How to find the elasticity of a negative binomial regression when the independent variables are numeric, categorical, or dummy variables?

Edit: For example,

m1 <- glm.nb(No_of_accidents ~ JunctionType + CollisionType)

This is a negbin regression if I don't get it wrong. Now after fitting the model with data, I get two coefficients and an intercept. But the coefficients cannot be explained like the linear regression model. I can't say that if the JunctionType is a roundabout, then the no of accidents will increase by 2 times the base condition (assuming that there exists a junction type called roundabout and the beta = 2 for roundabout after fitting the model. In such a case, how do I quantify the relation between JunctionType (X) and no. of accidents (Y)? I hope it clarifies my question.

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    $\begingroup$ What do you mean by the "elasticity of a negbin regression"? $\endgroup$ – Stephan Kolassa Oct 5 '20 at 4:57
  • $\begingroup$ I mean the effect of a 1% change in the X variable on the expected value of Y considering X as variables and Y the dependent variable if I fit the variables in a negbin regression. For example, m1 <- glm.nb(NoOfAccidents ~ JunctionType + CollisionType , data = Data) in this model m1, the coefficients values will give an indication of increase or decrease of Y with X. But how can explain the change in Y with X in quantitative terms? $\endgroup$ – sophie Oct 6 '20 at 16:41
  • $\begingroup$ Thank you, that clarifies matters. I have voted to reopen, and if it is reopened, I'll write an answer. $\endgroup$ – Stephan Kolassa Oct 7 '20 at 7:42
  • $\begingroup$ Hi @StephanKolassa, the question has been reopened. I am looking forward to hearing your answer. Thank you. $\endgroup$ – sophie Oct 9 '20 at 11:15

First off, a pointer to literature: Hilbe, Negative Binomial Regression is the standard textbook on negbin regression. Very much recommended.

Now, the standard way of setting up a negative binomial regression (there are less common others) is via a log link, i.e., the mean $\mu$ is parameterized via a design matrix $X$ and coefficients $\beta$ as $$ \log\mu = X\beta, \text{ or } \mu=\exp(X\beta). $$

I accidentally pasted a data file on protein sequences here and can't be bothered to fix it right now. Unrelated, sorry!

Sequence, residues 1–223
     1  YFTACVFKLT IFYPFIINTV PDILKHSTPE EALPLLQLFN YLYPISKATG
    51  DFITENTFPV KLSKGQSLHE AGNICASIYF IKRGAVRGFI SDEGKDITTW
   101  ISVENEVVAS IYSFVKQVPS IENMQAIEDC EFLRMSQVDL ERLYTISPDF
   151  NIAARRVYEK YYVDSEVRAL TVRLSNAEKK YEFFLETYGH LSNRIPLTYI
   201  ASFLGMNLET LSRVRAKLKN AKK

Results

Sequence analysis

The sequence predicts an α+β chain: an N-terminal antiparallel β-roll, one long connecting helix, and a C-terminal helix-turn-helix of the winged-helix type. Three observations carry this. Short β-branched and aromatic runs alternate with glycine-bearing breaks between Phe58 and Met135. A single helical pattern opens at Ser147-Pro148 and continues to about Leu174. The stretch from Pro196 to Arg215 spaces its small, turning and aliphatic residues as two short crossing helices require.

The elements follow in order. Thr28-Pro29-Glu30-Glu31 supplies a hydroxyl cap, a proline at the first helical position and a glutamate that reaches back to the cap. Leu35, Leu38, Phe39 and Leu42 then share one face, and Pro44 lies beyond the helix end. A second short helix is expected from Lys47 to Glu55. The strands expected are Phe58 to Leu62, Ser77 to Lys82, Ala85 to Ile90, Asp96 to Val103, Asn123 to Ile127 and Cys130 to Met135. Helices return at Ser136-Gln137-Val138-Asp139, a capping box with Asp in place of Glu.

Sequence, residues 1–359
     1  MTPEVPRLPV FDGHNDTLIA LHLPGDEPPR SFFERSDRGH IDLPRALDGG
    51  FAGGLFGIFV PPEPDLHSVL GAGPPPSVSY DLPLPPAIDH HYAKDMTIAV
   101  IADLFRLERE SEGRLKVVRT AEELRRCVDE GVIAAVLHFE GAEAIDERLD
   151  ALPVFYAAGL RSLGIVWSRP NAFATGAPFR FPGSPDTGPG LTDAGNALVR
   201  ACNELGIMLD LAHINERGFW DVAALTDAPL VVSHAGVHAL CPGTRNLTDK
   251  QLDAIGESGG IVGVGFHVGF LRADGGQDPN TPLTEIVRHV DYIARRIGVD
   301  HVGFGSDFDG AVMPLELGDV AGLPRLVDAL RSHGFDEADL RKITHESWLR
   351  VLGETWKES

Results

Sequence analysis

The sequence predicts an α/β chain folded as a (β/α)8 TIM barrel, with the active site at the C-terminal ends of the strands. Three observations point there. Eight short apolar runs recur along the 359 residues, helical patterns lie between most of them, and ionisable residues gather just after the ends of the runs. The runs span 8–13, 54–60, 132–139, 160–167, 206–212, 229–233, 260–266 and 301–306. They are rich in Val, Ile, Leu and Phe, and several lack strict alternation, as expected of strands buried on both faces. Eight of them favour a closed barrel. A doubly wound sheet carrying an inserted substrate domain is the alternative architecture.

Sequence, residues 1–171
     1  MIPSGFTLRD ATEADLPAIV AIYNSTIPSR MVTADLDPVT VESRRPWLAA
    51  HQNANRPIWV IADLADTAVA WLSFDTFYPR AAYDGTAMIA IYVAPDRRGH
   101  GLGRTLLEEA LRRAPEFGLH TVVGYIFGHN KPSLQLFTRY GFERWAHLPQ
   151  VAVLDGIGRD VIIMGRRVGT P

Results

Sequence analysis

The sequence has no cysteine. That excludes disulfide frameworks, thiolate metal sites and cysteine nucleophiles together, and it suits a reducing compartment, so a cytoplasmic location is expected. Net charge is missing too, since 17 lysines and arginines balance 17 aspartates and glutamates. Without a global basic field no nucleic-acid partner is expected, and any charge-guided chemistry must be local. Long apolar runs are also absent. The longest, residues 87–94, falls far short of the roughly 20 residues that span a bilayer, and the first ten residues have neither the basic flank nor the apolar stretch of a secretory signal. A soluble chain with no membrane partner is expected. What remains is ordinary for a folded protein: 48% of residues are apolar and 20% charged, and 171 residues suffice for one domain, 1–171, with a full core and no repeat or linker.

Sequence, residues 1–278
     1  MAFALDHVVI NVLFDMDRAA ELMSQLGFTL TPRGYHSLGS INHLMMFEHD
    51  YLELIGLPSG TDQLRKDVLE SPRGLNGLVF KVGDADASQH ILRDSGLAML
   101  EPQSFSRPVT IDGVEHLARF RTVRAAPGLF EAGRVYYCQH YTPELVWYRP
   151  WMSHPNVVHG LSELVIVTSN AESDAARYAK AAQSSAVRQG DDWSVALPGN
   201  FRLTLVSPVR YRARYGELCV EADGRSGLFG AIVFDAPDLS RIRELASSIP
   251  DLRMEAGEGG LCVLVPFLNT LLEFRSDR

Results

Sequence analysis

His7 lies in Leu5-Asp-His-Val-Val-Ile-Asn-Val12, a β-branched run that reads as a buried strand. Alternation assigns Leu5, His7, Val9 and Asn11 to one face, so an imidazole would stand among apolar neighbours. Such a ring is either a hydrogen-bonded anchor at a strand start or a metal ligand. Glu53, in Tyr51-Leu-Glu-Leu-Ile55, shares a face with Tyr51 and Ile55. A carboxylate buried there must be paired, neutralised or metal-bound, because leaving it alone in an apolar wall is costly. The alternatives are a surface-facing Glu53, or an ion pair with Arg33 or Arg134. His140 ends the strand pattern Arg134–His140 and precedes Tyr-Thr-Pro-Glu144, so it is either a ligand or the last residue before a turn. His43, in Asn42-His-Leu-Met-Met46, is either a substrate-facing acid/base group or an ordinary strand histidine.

I'll not distinguish between the true parameters $\beta$ and the estimates $\hat{\beta}$ in the following.

We can now distinguish different kinds of elasticity, depending on whether we are looking at a categorical/dummy predictor, or a numerical one.

Change in a dummy predictor

Assume we have $\mu_1=\exp(x_1\beta)$ and $\mu_2=\exp(x_2\beta)$, two fitted means, where the design matrix row vectors $x_1$ and $x_2$ differ in that one dummy flips from $0$ (in $x_1$) to $1$ (in $x_2$). That is, $x_2-x_1$ is a vector of $0$s and a single $1$ in the place at which the flipping predictor sits. Assume that this is the $j$-th entry. Then

$$\frac{\mu_2}{\mu_1} = \frac{\exp(x_2\beta)}{\exp(x_1\beta)} = \exp\big((x_2-x_1)\beta\big) = \exp(\beta_j). $$

That is, flipping the $j$-th dummy from $0$ to $1$ will multiply the fitted mean by $\exp(\beta_j)$.

Change in a categorical predictor

Categorical predictors with $k$ factor levels are (again: commonly) represented internally as $k-1$ dummy predictors, for which the calculation above holds. Thus, switching from the reference category to the $j$-th (non-reference) category will change the fitted mean multiplicatively by $\exp(\beta_j)$. Changing from the $k$-th (non-reference) category to the $j$-th (non-reference) category will change the mean multiplicatively by $\exp(\beta_j-\beta_k)$.

Additive change in a numerical predictor

We again have to deal with design matrix row vectors $x_1-x_2$, which will again be a vector of $0$s except for the entry in which the changing predictor sits. So we can just assume that we have a single predictor that first takes a value $x$ (for a fitted mean of $\mu_1=\exp(x\beta)$) and then changes to $x+\Delta x$ (for a fitted mean of $\mu_2 = \exp\big((x+\Delta x)\beta\big)$). We obtain

$$ \frac{\mu_2}{\mu_1} = \frac{\exp\big((x+\Delta x)\beta\big)}{\exp(x\beta)} = \exp(\Delta x\beta).$$

So changing a predictor by an additive $\Delta x$ will yield a multiplicative change of $\exp(\Delta x\beta)$ in the fitted mean, where $\beta$ is the coefficient corresponding to the changing predictor.

Multiplicative or percentage change in a numerical predictor

Assume a predictor's value changes multiplicatively, from $x$ to $cx$. As above, we get

$$ \frac{\mu_2}{\mu_1} = \frac{\exp(cx\beta)}{\exp(x\beta)} = \exp\big((c-1) x\beta\big).$$

So in this case, the multiplicative change depends on the initial value $x$ of the predictor, in contrast to the effect of an additive change in the predictor, which per above does not depend on this initial value $x$.

Infinitesimal change in a numerical predictor

The economic definition of elasticity is the change in the effect as the predictor changes by an infinitesimal amount:

$$ \frac{\partial\mu/\mu}{\partial x/x} = \frac{\partial\mu}{\partial x}\frac{x}{\mu}. $$

For $\mu=\exp(X\beta)$, we have

$$ \frac{\partial\mu}{\partial x_j} = \frac{\partial}{\partial x_j}\exp(X\beta) = \beta_j\exp(X\beta) = \beta_j\mu, $$


$$ \frac{\partial\mu}{\partial x_j}\frac{x_j}{\mu} = \beta_j\mu\frac{x_j}{\mu} = \beta_jx_j. $$

Thus, the elasticity of $\mu$ with respect to the $j$-th predictor is $\beta_jx_j$ - so it again depends on the value $x_j$ of the $j$-th predictor at which we calculate the elasticity.

  • $\begingroup$ Thank you so much for your answer. It clarifies all my confusion. $\endgroup$ – sophie Oct 11 '20 at 7:59

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